LONDON (NYTIMES) - Russian tycoon Alisher Usmanov agreed on Tuesday (Aug 7) to sell his 30 per cent stake in Arsenal to the club's majority owner, American billionaire Stan Kroenke, an agreement that would end years of acrimony and values the English Premier League team at US$2.3 billion (S$3.1 billion).
Kroenke and Usmanov spent years fighting for supremacy at Arsenal, buying up shares whenever they became available, and the deal clears the way for Kroenke to take the club private, an action that Usmanov had long blocked by refusing to sell his shares.
Kroenke, whose family also owns several US sports franchises, including the Los Angeles Rams and the Denver Nuggets, gained the upper hand in July 2011, leaving Usmanov to do little more than complain from the sidelines or seethe privately in the luxury skybox he maintains at Arsenal's stadium.
Usmanov accepted an offer of £550 million (S$970 million) in cash, giving Kroenke more than the 90 per cent stake required to purchase the remaining shares in the club, Kroenke's investment company, KSE, said.
Usmanov spent years denouncing the way Arsenal was run, frequently complaining in open letters about the club's strategy and direction under Kroenke's leadership, and he expressed a desire to take full ownership so that he could invest his own money to allow the club to compete for soccer's top trophies.
It is unclear why Usmanov, who is 118th on the Forbes list of the world's wealthiest people, decided to finally sell shares in the team. As recently as last year, he offered £1 billion to buy Kroenke's stake. A few months later, Usmanov rejected an offer of £525 million for his stake - only slightly lower than the figure he eventually agreed to.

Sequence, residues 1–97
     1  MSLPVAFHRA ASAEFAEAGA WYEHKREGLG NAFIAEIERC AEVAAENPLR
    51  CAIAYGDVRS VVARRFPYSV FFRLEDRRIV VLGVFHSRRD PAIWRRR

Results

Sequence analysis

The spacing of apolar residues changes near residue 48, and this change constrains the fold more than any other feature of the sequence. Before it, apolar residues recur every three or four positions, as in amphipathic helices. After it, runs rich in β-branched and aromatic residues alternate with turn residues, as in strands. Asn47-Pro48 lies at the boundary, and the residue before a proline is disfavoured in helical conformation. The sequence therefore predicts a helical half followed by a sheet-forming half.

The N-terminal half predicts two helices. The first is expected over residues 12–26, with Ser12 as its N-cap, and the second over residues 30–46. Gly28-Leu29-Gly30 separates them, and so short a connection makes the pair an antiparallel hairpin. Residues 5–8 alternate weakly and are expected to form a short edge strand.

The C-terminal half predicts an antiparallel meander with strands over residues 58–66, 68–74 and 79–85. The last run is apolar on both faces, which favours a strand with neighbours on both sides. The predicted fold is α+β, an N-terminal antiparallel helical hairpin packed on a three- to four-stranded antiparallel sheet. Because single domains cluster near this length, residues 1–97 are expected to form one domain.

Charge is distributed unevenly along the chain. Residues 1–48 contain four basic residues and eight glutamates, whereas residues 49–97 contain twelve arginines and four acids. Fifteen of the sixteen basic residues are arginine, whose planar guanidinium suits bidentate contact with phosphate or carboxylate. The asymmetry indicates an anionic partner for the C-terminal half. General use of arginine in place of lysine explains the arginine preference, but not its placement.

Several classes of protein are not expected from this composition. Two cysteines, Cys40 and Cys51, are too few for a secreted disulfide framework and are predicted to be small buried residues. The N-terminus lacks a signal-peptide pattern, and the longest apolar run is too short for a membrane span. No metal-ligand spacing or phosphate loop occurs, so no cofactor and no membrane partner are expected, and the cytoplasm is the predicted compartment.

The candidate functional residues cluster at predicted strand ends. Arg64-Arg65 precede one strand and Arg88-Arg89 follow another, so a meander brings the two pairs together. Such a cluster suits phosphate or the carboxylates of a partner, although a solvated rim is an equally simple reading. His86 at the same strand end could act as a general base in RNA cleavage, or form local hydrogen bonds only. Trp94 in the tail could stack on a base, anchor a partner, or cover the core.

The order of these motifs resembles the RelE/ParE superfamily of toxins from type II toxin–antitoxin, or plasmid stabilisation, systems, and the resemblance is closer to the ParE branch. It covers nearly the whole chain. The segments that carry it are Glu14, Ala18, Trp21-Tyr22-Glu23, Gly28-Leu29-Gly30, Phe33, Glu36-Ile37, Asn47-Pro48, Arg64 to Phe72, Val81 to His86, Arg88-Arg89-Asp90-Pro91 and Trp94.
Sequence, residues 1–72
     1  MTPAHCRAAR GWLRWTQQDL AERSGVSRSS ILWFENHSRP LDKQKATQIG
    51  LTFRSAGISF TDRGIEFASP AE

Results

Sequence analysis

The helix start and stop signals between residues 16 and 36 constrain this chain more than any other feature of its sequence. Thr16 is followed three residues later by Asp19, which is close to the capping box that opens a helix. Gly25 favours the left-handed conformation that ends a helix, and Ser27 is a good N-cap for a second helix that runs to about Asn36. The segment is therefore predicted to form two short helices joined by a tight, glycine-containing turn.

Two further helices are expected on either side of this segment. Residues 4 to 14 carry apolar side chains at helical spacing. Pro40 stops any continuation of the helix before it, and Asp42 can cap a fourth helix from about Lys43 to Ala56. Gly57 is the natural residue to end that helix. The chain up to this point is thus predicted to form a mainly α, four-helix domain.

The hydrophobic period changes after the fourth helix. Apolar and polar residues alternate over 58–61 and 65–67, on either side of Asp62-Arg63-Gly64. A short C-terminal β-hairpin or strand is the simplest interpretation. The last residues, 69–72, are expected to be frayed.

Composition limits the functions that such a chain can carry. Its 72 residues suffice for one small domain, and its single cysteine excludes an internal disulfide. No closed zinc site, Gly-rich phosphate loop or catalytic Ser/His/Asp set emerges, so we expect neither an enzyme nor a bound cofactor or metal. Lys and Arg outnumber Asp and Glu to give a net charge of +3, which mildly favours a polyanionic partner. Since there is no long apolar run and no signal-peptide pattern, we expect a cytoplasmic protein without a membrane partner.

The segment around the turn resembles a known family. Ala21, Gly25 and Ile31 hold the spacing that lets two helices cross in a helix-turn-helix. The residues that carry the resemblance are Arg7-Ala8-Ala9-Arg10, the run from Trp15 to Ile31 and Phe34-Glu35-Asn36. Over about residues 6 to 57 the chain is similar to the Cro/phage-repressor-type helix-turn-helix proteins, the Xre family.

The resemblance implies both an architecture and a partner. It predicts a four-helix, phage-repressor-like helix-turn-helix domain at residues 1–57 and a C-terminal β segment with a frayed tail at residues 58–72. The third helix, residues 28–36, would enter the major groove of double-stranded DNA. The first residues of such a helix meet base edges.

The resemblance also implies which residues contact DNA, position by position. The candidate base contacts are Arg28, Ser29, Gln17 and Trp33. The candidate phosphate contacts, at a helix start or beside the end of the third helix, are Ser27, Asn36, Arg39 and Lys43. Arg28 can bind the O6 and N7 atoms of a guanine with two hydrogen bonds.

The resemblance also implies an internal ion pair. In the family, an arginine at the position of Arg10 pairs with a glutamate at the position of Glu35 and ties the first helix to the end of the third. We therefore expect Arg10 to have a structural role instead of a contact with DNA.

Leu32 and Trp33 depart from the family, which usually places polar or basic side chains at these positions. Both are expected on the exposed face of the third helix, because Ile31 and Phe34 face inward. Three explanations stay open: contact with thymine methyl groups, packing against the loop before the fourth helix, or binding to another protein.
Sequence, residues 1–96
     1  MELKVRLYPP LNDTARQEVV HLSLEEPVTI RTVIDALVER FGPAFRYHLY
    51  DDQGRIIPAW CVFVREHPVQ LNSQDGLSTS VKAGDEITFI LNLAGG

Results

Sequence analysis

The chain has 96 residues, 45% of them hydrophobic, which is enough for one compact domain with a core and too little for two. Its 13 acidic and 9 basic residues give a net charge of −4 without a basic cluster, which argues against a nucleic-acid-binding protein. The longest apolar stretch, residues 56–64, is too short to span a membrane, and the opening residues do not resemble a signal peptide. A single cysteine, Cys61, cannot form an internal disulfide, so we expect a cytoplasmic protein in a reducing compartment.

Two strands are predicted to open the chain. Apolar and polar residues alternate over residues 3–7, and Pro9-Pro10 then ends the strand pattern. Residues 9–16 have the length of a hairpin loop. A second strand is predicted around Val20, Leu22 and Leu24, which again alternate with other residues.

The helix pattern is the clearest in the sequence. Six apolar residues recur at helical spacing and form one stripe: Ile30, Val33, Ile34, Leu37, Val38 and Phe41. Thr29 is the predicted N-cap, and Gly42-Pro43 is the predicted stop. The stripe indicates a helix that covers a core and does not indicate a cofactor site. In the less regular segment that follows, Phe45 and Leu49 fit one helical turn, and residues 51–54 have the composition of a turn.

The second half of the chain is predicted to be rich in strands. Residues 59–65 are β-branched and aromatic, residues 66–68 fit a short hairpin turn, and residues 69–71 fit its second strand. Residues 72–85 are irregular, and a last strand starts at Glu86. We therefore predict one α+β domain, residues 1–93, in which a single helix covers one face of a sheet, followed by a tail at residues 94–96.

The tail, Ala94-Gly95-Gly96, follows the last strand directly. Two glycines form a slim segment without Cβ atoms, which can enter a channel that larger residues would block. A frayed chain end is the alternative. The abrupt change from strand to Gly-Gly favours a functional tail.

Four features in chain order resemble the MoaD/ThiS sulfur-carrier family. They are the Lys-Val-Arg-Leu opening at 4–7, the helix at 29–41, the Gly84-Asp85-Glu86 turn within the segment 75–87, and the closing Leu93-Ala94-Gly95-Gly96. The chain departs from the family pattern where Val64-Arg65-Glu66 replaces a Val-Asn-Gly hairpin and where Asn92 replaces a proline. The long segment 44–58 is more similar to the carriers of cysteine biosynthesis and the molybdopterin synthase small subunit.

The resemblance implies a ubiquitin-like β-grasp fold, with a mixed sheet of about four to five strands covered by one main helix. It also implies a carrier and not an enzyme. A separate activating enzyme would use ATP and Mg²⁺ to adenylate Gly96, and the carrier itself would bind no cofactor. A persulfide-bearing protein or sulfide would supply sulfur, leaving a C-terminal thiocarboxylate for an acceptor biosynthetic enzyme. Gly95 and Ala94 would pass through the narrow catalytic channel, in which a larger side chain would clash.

"I have always been and will continue to be an ardent supporter of Arsenal, and I see my 30 per cent stake as an important aspect in protecting the best interests of the fans in the club," Usmanov said at the time.
In announcing the terms of the deal Tuesday, KSE said the sale would further the club's strategy and ambitions, allowing it to act more decisively than in the past. But the Arsenal Supporters Trust, a group that represents the club's small shareholders, described the announcement as a "dreadful day."
"Stan Kroenke taking the club private will see the end of supporters owning shares in Arsenal and their role upholding custodianship values," the group said in a statement.
Under private ownership, the club will no longer have to hold annual meetings, forums that at times made for awkward questioning of its management.
Usmanov's exit comes during a time of great change at Arsenal. This will be the club's first season in more than two decades with a manager other than Arsene Wenger, who stepped aside and was replaced in May by Unai Emery.
The team, which last won the Premier League in 2004, prepared for Wenger's exit by revamping its soccer operations, bringing in senior executives from high-profile European clubs including Barcelona and Borussia Dortmund.
Yet uncertainty remains.
Ivan Gazidis, the club's chief executive and the one responsible for many of the changes, has received an offer to take over at AC Milan.
Usmanov is a close associate of President Vladimir Putin of Russia, a relationship that has come into greater focus in Britain as the countries' ties have deteriorated in the aftermath the poisoning of a former Russian spy and his daughter in England in March.
British Prime Minister Theresa May has blamed Moscow for the attack and threatened to take action against wealthy Russians with ties to the president.
Roman Abramovich, the Russian co-owner of Chelsea, who also has a close relationship with Putin, was forced to miss his team's victory in the FA Cup final in May after British authorities delayed the renewal of his investor visa.
The sale of Usmanov's stake in Arsenal also raises speculation about another English Premier League team with which he has connections. His longtime business partner Farhad Moshiri, whose wealth stems largely from his involvement in Usmanov's business empire, took control of the Liverpool club Everton in 2016.
Usmanov's holding company, USM, quickly became a major sponsor of the team, which has been among the biggest spenders in the Premier League during the current player-transfer window. Everton also has plans to build a new stadium.
Premier League rules forbid dual ownership, so Usmanov was unable to invest in Everton while he retained his stake in Arsenal. Moshiri and Usmanov co-owned the 30 percent stake in Arsenal at one point, before Moshiri sold his share to clear his investment in Everton.